Looks matter. Unfortunately- even in jazz- it's not all about the music.
I occasionally encounter jazz musicians who act as if they're bored to tears as they perform. I'm just as turned off when I see guys feigning happiness. I also know a promoter who's reluctant to book an area jazz act because its members sometimes look as if they just mowed their lawns when they show up for a gig.
Neither attitudes nor apparel were an issue for Parallax at Westport Coffeehouse on Thursday, January 10. All fifty or so people in the room recognized that the band's music was uniformly excellent. Parallax honors Kansas City's jazz tradition by adding an intrepid sense of adventure to its solid foundation in mainstream swing.
Trumpeter and flugelhornist Stan Kessler, keyboardist Roger Wilder and bassist (and sousaphonist) Bill McKemy are among Kansas City's most accomplished musicians. The equally renowned Matt Otto and Clint Ashlock sat in with the band.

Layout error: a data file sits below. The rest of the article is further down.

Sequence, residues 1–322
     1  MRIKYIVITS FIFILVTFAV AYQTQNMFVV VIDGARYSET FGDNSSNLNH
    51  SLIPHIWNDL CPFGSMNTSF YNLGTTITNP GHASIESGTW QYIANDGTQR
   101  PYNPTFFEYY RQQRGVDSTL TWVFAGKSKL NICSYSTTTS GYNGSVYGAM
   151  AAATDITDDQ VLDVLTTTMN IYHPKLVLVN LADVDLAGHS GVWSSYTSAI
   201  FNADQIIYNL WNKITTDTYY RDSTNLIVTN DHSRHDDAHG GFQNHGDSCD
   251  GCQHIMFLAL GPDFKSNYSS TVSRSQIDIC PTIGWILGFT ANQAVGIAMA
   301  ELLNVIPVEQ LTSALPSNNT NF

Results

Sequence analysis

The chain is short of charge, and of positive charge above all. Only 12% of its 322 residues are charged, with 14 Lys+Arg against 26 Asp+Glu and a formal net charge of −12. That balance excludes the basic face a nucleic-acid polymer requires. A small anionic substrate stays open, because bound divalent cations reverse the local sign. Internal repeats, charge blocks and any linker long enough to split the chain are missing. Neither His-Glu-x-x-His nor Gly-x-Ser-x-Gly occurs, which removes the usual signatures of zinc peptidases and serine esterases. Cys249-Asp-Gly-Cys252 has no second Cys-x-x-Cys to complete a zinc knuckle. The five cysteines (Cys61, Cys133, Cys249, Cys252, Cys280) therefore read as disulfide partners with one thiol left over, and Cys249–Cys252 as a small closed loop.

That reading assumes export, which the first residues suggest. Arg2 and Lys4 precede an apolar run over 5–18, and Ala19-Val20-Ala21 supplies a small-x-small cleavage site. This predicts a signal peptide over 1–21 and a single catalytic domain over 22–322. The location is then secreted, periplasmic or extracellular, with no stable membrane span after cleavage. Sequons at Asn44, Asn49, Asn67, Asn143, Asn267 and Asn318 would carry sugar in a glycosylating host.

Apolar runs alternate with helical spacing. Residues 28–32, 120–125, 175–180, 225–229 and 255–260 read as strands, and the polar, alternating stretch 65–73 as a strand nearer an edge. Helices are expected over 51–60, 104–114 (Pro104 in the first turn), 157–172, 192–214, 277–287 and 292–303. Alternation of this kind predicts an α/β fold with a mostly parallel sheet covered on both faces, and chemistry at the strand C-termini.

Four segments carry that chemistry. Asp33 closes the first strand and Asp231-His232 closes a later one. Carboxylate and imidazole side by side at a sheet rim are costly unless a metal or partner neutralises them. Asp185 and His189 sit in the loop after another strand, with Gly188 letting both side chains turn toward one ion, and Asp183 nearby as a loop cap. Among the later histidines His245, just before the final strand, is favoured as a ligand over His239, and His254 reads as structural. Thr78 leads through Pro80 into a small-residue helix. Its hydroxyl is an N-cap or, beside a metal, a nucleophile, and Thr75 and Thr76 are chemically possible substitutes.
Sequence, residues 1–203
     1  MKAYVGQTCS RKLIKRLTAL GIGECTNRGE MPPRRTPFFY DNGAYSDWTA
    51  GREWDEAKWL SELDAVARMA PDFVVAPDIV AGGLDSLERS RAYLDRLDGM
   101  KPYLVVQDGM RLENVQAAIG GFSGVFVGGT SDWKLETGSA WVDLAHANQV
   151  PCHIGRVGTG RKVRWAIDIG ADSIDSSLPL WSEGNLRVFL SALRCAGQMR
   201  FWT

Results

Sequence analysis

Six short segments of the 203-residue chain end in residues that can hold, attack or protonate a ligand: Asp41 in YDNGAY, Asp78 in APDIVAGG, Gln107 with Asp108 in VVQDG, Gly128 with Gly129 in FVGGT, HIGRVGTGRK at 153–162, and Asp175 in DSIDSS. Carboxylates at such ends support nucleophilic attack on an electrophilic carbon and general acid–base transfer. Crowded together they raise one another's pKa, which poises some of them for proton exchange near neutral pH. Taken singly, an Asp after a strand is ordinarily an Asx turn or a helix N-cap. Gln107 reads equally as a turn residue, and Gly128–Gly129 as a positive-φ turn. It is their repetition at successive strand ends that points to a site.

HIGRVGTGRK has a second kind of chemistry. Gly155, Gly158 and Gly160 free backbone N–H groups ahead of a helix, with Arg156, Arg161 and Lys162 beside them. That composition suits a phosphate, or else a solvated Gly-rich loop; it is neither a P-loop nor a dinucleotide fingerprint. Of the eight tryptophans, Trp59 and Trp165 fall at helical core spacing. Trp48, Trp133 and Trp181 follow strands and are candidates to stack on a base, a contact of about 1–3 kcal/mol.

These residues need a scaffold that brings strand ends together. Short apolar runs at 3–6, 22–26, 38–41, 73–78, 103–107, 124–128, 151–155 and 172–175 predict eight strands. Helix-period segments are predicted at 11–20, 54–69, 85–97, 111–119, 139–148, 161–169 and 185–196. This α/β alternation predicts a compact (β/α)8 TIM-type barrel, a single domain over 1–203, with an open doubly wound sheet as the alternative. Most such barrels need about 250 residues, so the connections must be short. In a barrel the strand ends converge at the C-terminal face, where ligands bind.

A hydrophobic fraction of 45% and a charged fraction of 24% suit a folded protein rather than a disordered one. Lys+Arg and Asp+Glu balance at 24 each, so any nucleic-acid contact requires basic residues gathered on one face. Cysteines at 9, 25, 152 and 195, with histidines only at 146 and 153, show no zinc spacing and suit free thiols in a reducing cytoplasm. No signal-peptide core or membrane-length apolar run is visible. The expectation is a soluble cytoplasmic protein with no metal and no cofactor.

Yet Parallax's single most dynamic element was obscured by the setup on the small stage of Westport Coffeehouse. In young drummers Ryan Lee and Brian Steever, Parallax features two of the most visually compelling musicians in Kansas City. The tandem's unfiltered facial expressions and kinetic motion are consistently delightful.
Try to spot the drummers in the two photos of Thursday's performance. Lee and Steever are obscured by the horns and keyboards. Joe Lovano's Us 5, one of the world's foremost jazz bands, also features dual drummers. At the ensemble's 2011 appearance at the Gem Theater, the large stage allowed extra spacing so that Otis Brown III and Francisco Mela were fully visible to the audience. Until Parallax performs on similarly large stages, perhaps it should defy conventional stage plotting by placing Lee and Steever in front.
Lee and Steever must be seen. Jazz needs their outward expressions of joyful exuberance.
(Original images by Plastic Sax.)